Written and directed by Hector Babenco, his last feature before he passed away, likely best known for his 1980 film Pixote. Diego (Willem Dafoe) is a film director very close to death, surrounded by people who are having trouble dealing with his current tempestuous mood, chances are he won’t survive but if he does, that means he needs to relearn how to live. Also starring: Maria Fernanda Cândido, Reynaldo Gianecchini, Selton Mello, Bárbara Paz, Guilherme Weber and Dan Stulbach.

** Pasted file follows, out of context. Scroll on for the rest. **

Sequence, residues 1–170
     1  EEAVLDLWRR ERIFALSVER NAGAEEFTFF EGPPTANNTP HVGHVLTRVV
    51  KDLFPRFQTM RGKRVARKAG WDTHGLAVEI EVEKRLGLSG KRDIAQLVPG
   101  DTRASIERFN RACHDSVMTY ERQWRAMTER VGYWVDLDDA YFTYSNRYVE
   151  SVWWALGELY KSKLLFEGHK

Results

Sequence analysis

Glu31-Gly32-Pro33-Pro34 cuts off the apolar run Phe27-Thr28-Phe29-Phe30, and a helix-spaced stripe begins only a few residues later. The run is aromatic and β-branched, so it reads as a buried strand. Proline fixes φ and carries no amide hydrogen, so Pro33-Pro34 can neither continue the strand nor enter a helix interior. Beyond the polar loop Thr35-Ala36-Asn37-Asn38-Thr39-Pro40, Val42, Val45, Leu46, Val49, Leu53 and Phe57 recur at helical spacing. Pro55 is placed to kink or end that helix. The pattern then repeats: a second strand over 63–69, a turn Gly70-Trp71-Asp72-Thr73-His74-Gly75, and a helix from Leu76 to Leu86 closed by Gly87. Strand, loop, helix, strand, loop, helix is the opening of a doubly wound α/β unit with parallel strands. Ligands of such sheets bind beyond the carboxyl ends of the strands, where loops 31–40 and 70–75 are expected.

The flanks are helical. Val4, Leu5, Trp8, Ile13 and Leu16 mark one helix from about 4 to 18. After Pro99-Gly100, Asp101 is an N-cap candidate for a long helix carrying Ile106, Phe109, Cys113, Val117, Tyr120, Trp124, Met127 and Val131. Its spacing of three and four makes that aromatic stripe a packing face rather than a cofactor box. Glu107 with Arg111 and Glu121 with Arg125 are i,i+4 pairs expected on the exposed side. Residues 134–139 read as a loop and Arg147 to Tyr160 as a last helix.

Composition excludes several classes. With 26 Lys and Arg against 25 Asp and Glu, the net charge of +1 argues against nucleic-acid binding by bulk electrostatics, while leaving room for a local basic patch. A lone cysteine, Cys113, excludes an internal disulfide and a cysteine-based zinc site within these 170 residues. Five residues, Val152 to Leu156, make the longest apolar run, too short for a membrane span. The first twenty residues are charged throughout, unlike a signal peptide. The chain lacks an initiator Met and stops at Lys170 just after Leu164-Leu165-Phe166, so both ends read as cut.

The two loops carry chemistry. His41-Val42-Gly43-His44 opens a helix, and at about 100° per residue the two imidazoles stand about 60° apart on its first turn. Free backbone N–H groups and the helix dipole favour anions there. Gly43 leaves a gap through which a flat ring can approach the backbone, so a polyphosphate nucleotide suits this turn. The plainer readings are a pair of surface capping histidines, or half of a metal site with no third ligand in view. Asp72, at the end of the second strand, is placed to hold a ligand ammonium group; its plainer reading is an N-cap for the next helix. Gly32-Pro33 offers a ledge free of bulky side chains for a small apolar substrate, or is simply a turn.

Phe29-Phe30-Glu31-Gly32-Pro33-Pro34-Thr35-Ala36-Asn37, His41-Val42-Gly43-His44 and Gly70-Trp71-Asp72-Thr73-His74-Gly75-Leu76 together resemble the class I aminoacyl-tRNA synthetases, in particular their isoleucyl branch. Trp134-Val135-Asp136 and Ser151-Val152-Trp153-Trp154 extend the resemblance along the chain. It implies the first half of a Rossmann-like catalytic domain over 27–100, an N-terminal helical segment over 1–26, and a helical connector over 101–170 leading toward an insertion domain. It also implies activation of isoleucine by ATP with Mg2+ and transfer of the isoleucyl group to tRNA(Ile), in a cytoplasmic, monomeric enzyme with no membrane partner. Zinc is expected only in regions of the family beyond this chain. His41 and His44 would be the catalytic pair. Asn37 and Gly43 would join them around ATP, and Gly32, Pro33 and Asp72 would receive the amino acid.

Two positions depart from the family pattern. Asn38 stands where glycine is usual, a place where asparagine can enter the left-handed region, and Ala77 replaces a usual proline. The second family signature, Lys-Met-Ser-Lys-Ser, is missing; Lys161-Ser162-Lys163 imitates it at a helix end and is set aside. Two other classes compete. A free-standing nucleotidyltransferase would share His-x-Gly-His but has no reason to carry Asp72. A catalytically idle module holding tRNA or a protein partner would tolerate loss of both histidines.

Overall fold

Having a feature about a film director with cancer, made by a director who previously had cancer does give the strong impression that his personal experiences must have influenced his writing on this project. It can most likely be seen in the way that Diego is spoken to and treated by various different medical professionals, beginning with his local doctor who’s treated him for a decade who has compassion for his case and moving to the parade of different specialists who take over once he reaches America. There’s an intimacy to that first appointment, as he and his wife are informed that they must take a more severe option for treatment for the sake of his survival, there’s an honesty and openness to it but when he’s introduced to his new doctors there’s a change in speed and tone, becoming very clinical and cold. There’s also the way that it portrays Diego’s pain as he goes through this extensive treatment, and its later side effects, it doesn’t shy away from it but it also doesn’t take over too larger portion of the film. It has almost an uncomfortable nature to how it faces the pain head on, as well as giving the impression of how the patients may feel like lab rats, being surrounded with an abundancy of tubes and machines. It’s perhaps the way in which the film is strongest emotionally and it wouldn’t be a surprise if that sincerity came from Babenco’s personal experiences influencing its telling.